In case you're interested in the nitty-gritty of the editing process...
At each stage I have to read through and okay the changes. We've been through 4 stages in the last month, speeding up as we went along, until it's been a gallop over the last week:

  • 1st edit: Switching UK punctuation to USA (' to "). Dedicated editor checks word choice and continuity, suggests clarifications for meaning or plot. A million semicolons die a bloody death. Commas disappear from before "then" and reappear before "and". Much muttering from the author about "crazy American punctuation."
  • 2nd edit: Same again, but more stringent. Second round of spelling conversion - I had a lot of "honour"s and "colour"s that needed their "U"s culling."Caliph" and "Amir" lose their capitals.
  • Final Line Edit: New, specialist editor, mostly checking punctuation and fiddly technical stuff like margins and spacing, I think. Lots of "try ands" converted to "try to"s.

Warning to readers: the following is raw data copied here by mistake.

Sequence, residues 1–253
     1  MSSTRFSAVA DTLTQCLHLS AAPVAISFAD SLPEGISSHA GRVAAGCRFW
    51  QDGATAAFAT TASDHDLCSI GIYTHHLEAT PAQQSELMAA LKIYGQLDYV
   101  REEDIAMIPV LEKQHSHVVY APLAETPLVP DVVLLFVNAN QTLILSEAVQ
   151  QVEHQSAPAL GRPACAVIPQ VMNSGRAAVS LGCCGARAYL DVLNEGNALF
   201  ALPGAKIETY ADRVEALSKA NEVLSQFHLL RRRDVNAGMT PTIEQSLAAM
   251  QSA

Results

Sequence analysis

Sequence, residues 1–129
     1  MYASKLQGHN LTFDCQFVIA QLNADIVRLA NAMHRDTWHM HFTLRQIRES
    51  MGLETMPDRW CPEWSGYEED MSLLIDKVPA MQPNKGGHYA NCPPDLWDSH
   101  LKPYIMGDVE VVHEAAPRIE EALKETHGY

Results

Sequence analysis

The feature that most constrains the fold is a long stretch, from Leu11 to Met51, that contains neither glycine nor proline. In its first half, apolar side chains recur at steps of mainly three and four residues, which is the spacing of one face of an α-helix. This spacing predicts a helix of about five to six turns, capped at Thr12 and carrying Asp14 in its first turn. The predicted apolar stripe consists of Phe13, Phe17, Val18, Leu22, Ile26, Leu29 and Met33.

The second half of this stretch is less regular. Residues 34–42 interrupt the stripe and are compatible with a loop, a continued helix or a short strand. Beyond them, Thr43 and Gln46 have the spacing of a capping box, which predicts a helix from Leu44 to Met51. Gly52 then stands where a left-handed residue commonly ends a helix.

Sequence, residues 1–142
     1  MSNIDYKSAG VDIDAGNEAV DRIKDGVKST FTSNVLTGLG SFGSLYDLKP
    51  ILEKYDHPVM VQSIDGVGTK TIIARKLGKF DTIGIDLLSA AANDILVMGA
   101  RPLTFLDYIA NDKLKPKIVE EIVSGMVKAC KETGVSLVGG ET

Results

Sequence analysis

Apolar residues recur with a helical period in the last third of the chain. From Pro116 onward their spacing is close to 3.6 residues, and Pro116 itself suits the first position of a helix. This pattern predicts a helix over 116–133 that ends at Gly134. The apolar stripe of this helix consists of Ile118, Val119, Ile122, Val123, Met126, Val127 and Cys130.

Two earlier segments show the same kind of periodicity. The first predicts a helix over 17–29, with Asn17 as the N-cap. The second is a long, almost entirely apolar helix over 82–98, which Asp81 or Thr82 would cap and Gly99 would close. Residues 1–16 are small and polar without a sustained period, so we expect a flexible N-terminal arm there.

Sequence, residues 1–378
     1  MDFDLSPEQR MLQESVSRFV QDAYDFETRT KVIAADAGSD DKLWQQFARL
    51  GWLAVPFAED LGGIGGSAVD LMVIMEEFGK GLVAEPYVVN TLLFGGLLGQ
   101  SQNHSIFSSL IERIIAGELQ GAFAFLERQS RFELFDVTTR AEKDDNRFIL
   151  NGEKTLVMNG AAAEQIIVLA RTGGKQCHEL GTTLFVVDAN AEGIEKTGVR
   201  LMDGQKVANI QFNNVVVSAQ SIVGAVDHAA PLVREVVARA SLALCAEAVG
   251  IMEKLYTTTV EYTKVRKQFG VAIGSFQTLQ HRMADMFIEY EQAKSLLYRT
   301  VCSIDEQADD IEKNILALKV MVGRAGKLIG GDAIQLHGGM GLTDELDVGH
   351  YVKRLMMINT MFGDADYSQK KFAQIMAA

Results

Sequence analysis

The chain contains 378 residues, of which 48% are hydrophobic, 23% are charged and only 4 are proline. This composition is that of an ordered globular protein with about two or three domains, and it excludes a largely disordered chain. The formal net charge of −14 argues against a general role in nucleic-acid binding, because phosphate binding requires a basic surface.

• ARC edit: This is to check that the text, which has now been re-formatted into an e-version, hasn't had any lines deleted or transposed by digital formatting. No, I don't know what "ARC" means! At this stage you can correct typos and mistakes, but no further tweaks of the text.
I'm knocked out by the high standards demanded by this e-publisher. The book has been polished to within an inch of its life ;-) And yes - I now have the final PDF version in my (virtual) hands!

Oh - and what did my lovely and incredibly hard-working editor think of the novel?